The Bombadils

MAKING THE SUN RISE IN THE EAST

Despite their band name, the Bombadils aren’t as big Lord of the Rings fans as you’d think. Having the name in common with one of J.R.R. Tolkien’s least loved characters actually stems from a song, called “House of Tom Bombadil,” by Chris Thile, one of their major influences.

Sarah Frank is a fiddler and vocalist for the band and she explains how that song “mimics the speech pattern of the character in Lord of the Rings. Supposedly, he spoke in 7/4 time and, so, that tune was written in 7/4 time.” Also comprised of Evan Stewart (bass), Anh Phung (flute) and Luke Fraser (guitar/mandolin/vocals), the members met in Montreal, via Edmonton, Chilliwack and Halifax, before joining forces in 2009 at McGill’s Schulich School of Music. An even more local connection can be traced from when Phung played in the Calgary Philharmonic Orchestra while studying for two years at the University of Calgary. “While I was there, I made some connections and I did this protégé program,” she says. “It was kind of like training for an orchestra, but I guess they liked me. So, they actually hired me to come and sub, and I played a solo with them once, as well.”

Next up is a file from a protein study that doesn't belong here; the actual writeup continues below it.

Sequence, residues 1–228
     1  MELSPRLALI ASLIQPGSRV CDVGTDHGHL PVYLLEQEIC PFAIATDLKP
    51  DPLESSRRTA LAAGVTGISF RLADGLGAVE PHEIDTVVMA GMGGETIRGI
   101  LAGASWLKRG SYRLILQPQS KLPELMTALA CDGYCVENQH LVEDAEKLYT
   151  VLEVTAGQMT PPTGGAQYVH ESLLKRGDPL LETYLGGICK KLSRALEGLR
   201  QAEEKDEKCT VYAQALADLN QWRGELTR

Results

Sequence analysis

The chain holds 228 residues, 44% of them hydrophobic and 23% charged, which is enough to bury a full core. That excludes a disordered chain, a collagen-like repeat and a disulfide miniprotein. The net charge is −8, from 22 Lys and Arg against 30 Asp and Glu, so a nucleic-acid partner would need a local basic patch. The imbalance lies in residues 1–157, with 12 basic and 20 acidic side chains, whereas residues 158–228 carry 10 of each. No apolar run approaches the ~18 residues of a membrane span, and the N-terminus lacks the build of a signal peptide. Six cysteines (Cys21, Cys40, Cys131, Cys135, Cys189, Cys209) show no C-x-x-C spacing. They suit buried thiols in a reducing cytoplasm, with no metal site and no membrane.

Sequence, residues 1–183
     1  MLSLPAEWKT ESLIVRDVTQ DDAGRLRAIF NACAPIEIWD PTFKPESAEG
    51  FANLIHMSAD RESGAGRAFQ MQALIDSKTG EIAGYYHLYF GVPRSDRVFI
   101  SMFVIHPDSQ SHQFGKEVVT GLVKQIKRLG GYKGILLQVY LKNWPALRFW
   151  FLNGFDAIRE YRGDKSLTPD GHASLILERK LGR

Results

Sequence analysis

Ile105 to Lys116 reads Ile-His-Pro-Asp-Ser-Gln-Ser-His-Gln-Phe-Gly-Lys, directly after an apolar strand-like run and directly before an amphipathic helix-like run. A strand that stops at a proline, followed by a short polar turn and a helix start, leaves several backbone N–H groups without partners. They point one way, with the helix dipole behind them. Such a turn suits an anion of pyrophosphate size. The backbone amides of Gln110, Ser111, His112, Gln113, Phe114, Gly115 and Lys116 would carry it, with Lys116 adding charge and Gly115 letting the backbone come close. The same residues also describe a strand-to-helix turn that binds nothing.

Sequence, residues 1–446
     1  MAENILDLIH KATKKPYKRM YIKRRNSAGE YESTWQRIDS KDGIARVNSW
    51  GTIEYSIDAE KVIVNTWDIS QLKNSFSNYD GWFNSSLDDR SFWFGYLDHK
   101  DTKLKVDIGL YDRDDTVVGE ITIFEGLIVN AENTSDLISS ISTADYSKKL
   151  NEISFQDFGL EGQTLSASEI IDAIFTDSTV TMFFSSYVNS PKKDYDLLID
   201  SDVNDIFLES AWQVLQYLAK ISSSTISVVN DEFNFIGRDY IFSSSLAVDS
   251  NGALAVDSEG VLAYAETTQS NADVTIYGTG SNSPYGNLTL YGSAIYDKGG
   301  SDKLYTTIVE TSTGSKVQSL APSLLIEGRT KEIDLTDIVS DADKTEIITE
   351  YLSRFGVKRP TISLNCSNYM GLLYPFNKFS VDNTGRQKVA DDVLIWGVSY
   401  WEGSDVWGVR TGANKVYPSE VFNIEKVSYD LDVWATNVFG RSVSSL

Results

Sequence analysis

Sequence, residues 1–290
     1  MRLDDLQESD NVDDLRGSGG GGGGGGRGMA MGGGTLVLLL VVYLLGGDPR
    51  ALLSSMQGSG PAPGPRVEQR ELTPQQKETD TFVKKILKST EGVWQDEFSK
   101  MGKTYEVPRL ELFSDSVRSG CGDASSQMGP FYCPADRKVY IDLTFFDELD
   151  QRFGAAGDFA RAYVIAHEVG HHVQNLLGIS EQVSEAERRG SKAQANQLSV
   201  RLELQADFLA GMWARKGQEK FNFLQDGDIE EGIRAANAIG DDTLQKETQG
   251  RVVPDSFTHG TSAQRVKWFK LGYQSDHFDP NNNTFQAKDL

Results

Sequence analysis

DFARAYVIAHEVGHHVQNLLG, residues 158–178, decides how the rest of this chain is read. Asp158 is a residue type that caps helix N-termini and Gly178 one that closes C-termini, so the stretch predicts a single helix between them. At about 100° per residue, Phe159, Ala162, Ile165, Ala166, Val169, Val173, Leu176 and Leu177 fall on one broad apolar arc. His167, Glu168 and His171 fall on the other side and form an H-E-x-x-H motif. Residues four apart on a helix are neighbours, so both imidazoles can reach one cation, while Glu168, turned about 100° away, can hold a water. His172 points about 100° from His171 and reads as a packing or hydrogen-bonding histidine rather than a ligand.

Although the Bombadils all come from Anglophone parts of the country, one track off their latest album, Fill Your Boots!, “Le soleil se lève à l’Ouest,” is sung partially in French, made especially relevant given that language is a particularly hot topic in Quebec right now. But, it comes from their desire to be able to make art in French and from having embraced Montreal’s culture. “I really want to start learning Quebec fiddle tunes as well,” Phung adds. “There’s a living tradition of music here that we can’t ignore, even though we’re not from here.”

Their sound tends to be described as Celtic and bluegrass, but they’re not limited. “That was really a jumping off point for the group,” says Fraser. “We like country, bluegrass, jazz, classical… Wherever good music or art is happening, we’re taking stuff from that,” while Frank mentions that “the idea of how bluegrass came to be was mixing genres,” and credits the Punch Brothers as another inspiration. “They’re always talking about how you can learn a genre, but you don’t need to be limited to that, and you can hear it in our music too.”

(This article originally appeared in BeatRoute Magazine.)

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